Vacuum Nitrocarburizing furnace, heat treatment furnace

Vacuum Nitrocarburizing furnace, heat treatment furnace.jpg


Vacuum nitriding is a heat treating process that diffuses nitrogen into the surface of a metal to create a case hardened surface. These processes are most commonly used on low-carbon, low-alloy steels, however they are also used on medium and high-carbon steels, titanium, aluminum and molybdenum.

Typical applications include gears, crankshafts, camshafts, cam followers, valve parts, extruder screws, die-casting tools, forging dies, extrusion dies,  components, injectors and plastic-mold tools.

Carburizing, carburising, or carburization is a heat treatment process in which iron or steel absorbs carbon liberated when the metal is heated in the presence of a carbon bearing material, such as charcoal or carbon monoxide, with the intent of making the metal harder. Depending on the amount of time and temperature, the affected area can vary in carbon content. Longer carburizing times and higher temperatures typically increase the depth of carbon diffusion. When the iron or steel is cooled rapidly by quenching, the higher carbon content on the outer surface becomes hard via the transformation from austenite to martensite, while the core remains soft and tough as a ferritic and/or pearlite microstructure.

This manufacturing process can be characterized by the following key points: It is applied to low-carbon workpieces; workpieces are in contact with a high-carbon gas, liquid or solid; it produces a hard workpiece surface; workpiece cores largely retain their toughness and ductility; and it produces case hardness depths of up to 0.25 inches (6.4 mm). In some cases it serves as a remedy for undesired decarburization that happened earlier in a manufacturing process.


Application :

Carburization of steel involves a heat treatment of the metallic surface using a source of carbon. Carburization can be used to increase the surface hardness of low carbon steel.

Early carburization used a direct application of charcoal packed onto the metal (initially referred to as case hardening), but modern techniques apply carbon-bearing gases or plasmas (such as carbon dioxide or methane). The process depends primarily upon ambient gas composition and furnace temperature, which must be carefully controlled, as the heat may also impact the microstructure of the rest of the material. For applications where great control over gas composition is desired, carburization may take place under very low pressures in a vacuum chamber.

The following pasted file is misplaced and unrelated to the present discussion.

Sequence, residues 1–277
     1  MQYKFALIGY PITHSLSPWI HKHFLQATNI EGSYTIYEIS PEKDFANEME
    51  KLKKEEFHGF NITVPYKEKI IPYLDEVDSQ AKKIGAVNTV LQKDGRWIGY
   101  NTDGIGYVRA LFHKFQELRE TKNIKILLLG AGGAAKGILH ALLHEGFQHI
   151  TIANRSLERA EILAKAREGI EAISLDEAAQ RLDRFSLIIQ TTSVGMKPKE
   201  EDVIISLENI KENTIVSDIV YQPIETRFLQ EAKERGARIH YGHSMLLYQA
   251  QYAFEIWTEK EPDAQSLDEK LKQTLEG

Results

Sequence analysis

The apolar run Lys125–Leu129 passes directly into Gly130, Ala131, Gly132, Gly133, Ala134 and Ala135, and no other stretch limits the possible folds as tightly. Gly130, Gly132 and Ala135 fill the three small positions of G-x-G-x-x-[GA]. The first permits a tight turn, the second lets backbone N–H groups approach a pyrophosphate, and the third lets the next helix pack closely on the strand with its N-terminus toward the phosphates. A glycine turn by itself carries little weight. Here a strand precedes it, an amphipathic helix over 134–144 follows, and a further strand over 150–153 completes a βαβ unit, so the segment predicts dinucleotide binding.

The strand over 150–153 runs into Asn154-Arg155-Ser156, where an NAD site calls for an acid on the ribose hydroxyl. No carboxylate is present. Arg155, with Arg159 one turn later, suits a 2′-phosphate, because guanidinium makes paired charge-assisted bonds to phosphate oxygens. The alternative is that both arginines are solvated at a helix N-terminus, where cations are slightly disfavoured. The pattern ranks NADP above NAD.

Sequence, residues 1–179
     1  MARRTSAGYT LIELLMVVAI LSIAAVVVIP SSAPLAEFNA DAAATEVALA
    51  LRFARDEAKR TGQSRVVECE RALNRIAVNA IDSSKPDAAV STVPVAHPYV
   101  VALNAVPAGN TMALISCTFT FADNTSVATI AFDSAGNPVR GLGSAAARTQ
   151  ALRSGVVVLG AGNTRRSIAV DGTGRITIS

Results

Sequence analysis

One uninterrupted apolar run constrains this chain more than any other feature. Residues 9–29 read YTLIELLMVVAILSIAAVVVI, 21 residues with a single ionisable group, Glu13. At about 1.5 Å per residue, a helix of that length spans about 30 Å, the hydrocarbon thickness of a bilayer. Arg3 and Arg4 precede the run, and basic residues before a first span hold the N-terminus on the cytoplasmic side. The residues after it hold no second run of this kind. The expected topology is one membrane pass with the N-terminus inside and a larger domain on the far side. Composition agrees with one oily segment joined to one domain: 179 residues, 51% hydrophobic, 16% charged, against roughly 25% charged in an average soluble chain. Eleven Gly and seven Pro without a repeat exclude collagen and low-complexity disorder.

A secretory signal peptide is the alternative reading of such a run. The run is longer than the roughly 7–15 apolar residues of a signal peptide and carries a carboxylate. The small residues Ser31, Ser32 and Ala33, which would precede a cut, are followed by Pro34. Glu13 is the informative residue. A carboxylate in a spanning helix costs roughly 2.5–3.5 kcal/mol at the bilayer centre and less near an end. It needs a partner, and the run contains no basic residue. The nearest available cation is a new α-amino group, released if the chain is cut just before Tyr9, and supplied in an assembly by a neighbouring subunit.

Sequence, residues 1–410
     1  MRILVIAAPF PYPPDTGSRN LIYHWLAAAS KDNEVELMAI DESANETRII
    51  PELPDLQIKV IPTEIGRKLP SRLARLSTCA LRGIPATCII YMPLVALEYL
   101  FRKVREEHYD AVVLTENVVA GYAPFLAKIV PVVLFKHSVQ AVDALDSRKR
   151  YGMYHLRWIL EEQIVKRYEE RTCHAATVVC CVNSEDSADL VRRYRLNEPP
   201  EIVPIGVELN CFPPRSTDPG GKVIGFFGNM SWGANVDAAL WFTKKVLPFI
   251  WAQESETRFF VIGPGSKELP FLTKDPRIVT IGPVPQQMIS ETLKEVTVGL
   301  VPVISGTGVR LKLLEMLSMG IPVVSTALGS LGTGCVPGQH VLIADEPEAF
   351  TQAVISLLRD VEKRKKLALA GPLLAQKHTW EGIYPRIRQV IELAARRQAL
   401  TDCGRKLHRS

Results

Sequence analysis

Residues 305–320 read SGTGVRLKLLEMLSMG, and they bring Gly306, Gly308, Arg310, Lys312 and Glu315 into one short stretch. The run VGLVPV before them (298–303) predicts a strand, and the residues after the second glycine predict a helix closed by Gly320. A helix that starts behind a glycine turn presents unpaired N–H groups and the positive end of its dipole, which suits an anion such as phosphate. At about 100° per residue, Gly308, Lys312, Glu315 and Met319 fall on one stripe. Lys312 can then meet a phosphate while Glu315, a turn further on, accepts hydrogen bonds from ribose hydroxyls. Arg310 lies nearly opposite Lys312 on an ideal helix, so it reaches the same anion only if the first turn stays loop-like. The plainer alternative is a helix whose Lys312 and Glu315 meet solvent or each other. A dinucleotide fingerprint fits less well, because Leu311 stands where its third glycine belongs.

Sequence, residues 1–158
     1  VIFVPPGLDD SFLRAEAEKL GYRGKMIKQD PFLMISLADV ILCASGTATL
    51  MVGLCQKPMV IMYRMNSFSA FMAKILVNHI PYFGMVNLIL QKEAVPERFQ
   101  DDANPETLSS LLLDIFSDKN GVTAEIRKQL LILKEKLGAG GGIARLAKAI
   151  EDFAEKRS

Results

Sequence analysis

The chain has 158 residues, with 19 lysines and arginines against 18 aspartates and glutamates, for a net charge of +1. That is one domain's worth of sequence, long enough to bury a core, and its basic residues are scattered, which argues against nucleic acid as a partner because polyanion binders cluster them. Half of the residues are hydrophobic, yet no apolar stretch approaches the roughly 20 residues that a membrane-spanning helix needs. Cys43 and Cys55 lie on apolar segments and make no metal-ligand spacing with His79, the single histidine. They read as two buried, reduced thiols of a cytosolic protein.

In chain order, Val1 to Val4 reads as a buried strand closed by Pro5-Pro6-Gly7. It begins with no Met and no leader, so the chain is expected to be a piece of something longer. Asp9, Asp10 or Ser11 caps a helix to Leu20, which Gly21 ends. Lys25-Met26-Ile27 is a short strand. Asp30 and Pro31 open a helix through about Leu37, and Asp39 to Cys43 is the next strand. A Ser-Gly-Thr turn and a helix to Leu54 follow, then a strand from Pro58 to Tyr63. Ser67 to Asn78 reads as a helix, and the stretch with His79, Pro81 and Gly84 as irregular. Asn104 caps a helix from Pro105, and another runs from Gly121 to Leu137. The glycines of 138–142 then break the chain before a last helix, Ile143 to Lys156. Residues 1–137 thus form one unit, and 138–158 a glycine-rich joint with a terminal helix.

The process of carburization works via the implantation of carbon atoms into the surface layers of a metal. As metals are made up of atoms bound tightly into a metallic crystalline lattice, the implanted carbon atoms force their way into the crystal structure of the metal and either remain in solution (dissolved within the metal crystalline matrix this normally occurs at lower temperatures) or react with the host metal to form ceramic carbides (normally at higher temperatures, due to the higher mobility of the host metal's atoms). Both of these mechanisms strengthen the surface of the metal, the former by causing lattice strains by virtue of the atoms being forced between those of the host metal and the latter via the formation of very hard particles that resist abrasion. However, each different hardening mechanism leads to different solutions to the initial problem: the former mechanism known as solid solution strengthening improves the host metal's resistance to corrosion whilst impairing its increase in hardness; the latter known as precipitation strengthening greatly improves the hardness but normally to the detriment of the host metal's corrosion resistance. Engineers using plasma carburization must decide which of the two mechanisms matches their needs.

Gas carburizing is normally carried out at a temperature within the range of 900 to 950 °C.

In oxy-acetylene welding, a carburizing flame is one with little oxygen, which produces a sooty, lower-temperature flame. It is often used to anneal metal, making it more malleable and flexible during the welding process.


Parameter :

Effective working zone size : 800x800x1200mm

Max temperature(C) :1300

Ultimate pressure(pa):4x10-1

Pressure rising rate (pa/h): 0.5

Temperature uniformity(C):±5

Loading capacity (kg):1200


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